Steeking may not only revolutionise the way you knit, but it also offers a great way to upcycle or reconstruct knitted garments, tailor them to your needs, and save them from landfill or eternal damnation in your darning pile.
What does ‘steek’ mean exactly? If you’re a knitter, you may have seen the word ‘steek’ used in patterns. The technique of steeking garments is not commonly practised in Australia. So it’s not surprising if Australian knitters feel a little bamboozled about its actual meaning.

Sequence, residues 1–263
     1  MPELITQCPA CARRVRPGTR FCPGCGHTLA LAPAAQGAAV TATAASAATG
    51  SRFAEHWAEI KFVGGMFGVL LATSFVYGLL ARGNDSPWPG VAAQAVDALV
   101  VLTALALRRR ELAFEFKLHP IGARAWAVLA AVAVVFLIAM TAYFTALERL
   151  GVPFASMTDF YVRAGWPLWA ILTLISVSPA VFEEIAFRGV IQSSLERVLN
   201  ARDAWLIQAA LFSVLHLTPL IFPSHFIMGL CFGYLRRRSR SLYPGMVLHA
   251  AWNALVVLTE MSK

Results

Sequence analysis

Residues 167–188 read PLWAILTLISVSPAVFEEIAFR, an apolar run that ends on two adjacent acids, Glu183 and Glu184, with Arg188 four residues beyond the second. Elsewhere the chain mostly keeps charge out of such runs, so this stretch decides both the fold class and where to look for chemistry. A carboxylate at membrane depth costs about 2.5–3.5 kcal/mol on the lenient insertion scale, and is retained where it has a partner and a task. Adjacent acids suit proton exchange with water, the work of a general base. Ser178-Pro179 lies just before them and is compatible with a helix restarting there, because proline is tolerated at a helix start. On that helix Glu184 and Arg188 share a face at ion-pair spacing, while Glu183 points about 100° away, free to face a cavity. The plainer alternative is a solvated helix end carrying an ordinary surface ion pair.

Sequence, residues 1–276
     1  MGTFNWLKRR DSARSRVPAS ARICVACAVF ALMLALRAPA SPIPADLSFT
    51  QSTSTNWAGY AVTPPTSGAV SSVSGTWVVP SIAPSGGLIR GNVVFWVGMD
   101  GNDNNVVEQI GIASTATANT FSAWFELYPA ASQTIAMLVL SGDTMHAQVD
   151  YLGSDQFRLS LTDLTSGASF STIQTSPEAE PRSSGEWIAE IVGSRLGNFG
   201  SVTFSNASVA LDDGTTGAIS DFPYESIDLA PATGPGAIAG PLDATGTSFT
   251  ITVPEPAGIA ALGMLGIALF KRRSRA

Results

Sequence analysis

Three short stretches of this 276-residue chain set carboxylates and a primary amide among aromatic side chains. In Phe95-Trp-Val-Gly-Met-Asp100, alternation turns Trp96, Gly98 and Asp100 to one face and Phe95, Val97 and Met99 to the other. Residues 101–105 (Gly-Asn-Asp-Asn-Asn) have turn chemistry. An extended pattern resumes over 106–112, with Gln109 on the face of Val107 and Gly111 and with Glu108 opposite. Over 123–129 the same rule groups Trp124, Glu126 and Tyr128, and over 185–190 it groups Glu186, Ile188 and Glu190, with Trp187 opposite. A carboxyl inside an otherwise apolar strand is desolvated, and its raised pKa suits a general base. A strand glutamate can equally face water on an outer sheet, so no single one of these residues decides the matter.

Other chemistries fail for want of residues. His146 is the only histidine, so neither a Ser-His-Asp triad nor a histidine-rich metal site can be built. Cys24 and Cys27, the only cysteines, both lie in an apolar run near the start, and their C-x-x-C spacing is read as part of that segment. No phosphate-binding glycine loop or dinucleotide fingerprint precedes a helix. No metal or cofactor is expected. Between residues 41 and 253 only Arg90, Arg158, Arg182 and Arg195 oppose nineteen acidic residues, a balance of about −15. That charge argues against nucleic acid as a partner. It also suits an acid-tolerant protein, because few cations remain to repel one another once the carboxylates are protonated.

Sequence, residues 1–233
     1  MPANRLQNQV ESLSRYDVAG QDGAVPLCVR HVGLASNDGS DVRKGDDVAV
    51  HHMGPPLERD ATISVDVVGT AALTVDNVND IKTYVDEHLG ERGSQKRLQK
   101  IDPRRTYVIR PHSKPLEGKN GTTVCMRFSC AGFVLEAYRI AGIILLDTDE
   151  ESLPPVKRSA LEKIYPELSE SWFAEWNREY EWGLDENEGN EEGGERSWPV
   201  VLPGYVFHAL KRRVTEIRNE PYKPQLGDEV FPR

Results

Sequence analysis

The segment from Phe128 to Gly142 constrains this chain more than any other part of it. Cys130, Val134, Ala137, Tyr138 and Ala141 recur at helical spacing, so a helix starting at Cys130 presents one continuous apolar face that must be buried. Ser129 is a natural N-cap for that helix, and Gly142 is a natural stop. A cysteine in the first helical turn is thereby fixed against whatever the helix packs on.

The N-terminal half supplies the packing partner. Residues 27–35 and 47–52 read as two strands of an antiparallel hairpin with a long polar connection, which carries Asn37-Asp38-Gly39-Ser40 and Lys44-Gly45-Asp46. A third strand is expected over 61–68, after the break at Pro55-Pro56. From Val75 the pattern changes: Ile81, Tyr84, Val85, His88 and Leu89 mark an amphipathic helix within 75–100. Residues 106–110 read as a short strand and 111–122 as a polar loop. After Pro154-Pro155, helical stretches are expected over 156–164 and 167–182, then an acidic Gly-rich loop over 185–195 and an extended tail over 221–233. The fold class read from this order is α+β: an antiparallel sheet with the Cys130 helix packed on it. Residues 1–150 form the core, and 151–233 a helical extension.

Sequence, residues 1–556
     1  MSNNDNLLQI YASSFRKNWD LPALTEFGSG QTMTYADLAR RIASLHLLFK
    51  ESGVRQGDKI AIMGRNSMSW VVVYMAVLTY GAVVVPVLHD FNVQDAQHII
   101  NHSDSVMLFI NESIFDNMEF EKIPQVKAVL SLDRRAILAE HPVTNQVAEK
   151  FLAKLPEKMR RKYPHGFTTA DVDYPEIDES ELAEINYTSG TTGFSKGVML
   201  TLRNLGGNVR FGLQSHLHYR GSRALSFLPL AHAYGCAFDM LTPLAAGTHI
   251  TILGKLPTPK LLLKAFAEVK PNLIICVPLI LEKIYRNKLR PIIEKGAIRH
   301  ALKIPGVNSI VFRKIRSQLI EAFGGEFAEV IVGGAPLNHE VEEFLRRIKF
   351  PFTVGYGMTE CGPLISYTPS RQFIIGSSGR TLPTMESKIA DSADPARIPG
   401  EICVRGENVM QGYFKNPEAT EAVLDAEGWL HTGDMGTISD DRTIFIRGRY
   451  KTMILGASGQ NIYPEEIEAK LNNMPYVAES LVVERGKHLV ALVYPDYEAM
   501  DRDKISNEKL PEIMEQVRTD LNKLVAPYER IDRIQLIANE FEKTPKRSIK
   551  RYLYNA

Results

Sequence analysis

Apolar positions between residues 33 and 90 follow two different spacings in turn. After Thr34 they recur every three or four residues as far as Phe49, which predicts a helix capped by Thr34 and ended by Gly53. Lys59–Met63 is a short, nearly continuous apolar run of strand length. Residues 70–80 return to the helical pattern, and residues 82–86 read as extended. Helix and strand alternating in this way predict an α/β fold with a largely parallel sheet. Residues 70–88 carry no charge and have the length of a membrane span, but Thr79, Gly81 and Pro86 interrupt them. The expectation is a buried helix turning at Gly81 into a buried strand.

Steeking is a very old tradition. It is believed to be the original way of putting knitted garments together; and it is still practised around the world, from Estonia to the Shetland Islands and many other places with a strong knitting culture.
What Is Steeking?
In modern knitting, steeking is the act of cutting a piece of knitting and then sewing it back together. Garments are knitted in the round – one tube for the body and two for the sleeves. Because there are no purl rows when you knit in the round, it is a fast and easy technique to create a garment. It also enables the knitter to create an